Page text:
If you want to create anything in large volumes – from cars to cupcakes – you need to have a standardised manufacturing process. It makes it easier for you to know what’s going on across the business, control the quality, and make changes if necessary. And the same is true for software development and delivery.
To make your DevOps initiative a success and to ensure CI/CD can thrive, you will need to bring in the best tools to meet your requirements and then standardise them across the organisation. This helps streamline implementation across the organisation by using a common platform, common practices and common reporting processes. There is an initial effort in getting tool standardisation set up, but once everything’s in place, your team can focus more on enhancing your products and less on the system details involved in delivery.
When it comes to standard toolsets, there are lots to choose from, but that doesn’t make it an easy choice. You may already have a variety of tools in use by your teams, and there will be a number of favourites among your developers. So it’s important to take a step back and examine the pros and cons of any option that’s on the table in relation to your organisation’s needs. If you haven't already, read our previous article on picking the right CI/CD tool for the job, to help you choose the right tool for your organisation.
Difficult decisions aside, there are plenty of benefits to look forward to if you go down a standardisation path. Let’s take a look at some of the big ones.
Have greater visibility
With a centralised approach your teams will have a better global view of how everything’s working across the organisation. That means they’ll be better placed to recognise where best practice is in place and where it’s lacking. And with all teams on the same tools, tracking and monitoring work is simplified, making it easier to gain useful, actionable insights.
A good DevOps initiative is built on a collaborative approach – a mindset that actively encourages and facilitates the sharing of ideas, metrics, processes, and technologies. But collaboration between developers working in different teams is easier said than done, particularly where competition comes into play, and even more so when they’re using different tools. Standardisation puts rivalries aside and enables test and deployment patterns to emerge. The best ways of working rise to the surface and are quickly adopted by all teams.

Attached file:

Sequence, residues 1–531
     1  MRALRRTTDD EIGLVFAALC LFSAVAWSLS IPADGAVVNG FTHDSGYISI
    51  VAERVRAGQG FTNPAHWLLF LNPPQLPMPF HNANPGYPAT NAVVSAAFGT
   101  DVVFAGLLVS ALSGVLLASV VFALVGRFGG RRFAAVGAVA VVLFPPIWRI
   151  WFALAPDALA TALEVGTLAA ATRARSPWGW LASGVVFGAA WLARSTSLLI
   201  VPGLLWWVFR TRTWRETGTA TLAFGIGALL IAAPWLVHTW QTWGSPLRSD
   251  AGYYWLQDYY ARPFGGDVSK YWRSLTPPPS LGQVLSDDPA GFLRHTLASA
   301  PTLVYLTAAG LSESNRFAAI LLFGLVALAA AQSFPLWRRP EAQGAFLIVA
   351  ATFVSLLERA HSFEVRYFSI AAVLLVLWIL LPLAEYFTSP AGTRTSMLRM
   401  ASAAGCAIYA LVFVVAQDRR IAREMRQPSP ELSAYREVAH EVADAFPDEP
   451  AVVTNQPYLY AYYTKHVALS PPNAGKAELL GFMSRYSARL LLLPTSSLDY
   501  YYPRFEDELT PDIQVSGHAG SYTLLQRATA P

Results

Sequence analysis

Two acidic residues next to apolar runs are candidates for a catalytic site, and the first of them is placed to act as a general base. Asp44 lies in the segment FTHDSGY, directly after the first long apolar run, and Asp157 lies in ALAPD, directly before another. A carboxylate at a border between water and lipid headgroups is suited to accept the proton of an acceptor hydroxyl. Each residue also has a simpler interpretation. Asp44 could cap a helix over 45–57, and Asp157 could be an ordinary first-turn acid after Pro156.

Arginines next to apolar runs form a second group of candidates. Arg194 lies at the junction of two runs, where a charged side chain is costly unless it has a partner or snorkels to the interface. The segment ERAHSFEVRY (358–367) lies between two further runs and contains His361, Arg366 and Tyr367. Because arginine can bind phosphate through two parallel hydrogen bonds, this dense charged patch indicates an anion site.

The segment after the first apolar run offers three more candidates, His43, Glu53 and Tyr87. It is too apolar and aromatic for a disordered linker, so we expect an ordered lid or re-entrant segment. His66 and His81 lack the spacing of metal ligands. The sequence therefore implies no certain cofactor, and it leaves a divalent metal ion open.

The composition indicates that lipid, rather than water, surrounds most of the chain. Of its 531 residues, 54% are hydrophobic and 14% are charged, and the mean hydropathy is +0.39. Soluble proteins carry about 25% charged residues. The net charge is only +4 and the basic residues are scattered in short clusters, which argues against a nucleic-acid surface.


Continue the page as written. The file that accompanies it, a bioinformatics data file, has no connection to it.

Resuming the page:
Maintenance made easy
And developers aren’t the only ones who benefit from standardisation. Complex systems take a lot of time to manage for your IT team. With multiple independent tools, maintenance can be tricky, and your system will likely be more vulnerable as a result. From installation and repair to patching and upgrades, not to mention training staff how to use everything, a less standardised approach is a nightmare. But if all your equipment is aligned, your IT team can become experts in maintaining it.
Manage risk and stay compliant
When it comes to security and keeping systems SAFe®, a simple set-up is ideal. With standardisation comes simplification, making your IT environment easier to protect. IT teams won’t be stretched thin trying to understand and monitor numerous services. Instead, they’ll become familiar with the core technology everyone’s using and the way they’re using it, and be able to recognise suspicious activity as soon as it occurs.
With a collaborative culture and a standardised technology stack, you’re in a better position to implement CI/CD practices like version control, streamline database code changes, and automate testing. You’ll also see fewer errors, happier people, and reap the benefits of being able to move team members around, confident that they’ll know how to get on with the job, wherever they are in the organisation.
Keep costs to a minimum
Complex systems can be costly – the more tools in the mix, the more you have to spend on support and training. Plus, you can’t take advantage of larger, enterprise licences if only a few people are using a particular tool. Standardisation streamlines these costs, simplifies billing and procurement, allows you to upgrade equipment in larger quantities at a better price, and optimises how you use the software you’re paying for.
Scaling fully automated IT systems can take time and be expensive, but with standardisation, your simpler network of base components can be easily replicated and added to. Take scalable steps in the right direction by focusing on the highest-value opportunities first, such as customer-facing components. Standardised automated testing that measures performance and security gives managers insights that can help them to refine planning, allocate resources more effectively, and improve product and service quality.
Standardisation goes far beyond evaluating tools – it’s important to consider your culture, goals, and processes too and figure out where this cohesion makes the most sense. In some cases, such as with legacy projects, standardising tools might be too disruptive and not worth the effort.
Don’t forget about your other tools either – you’ll need a standardised toolset that can be integrated with your essential software. And don’t get carried away with trends or new shiny options. Just because something’s popular, it doesn’t mean it’s right for your organisation.
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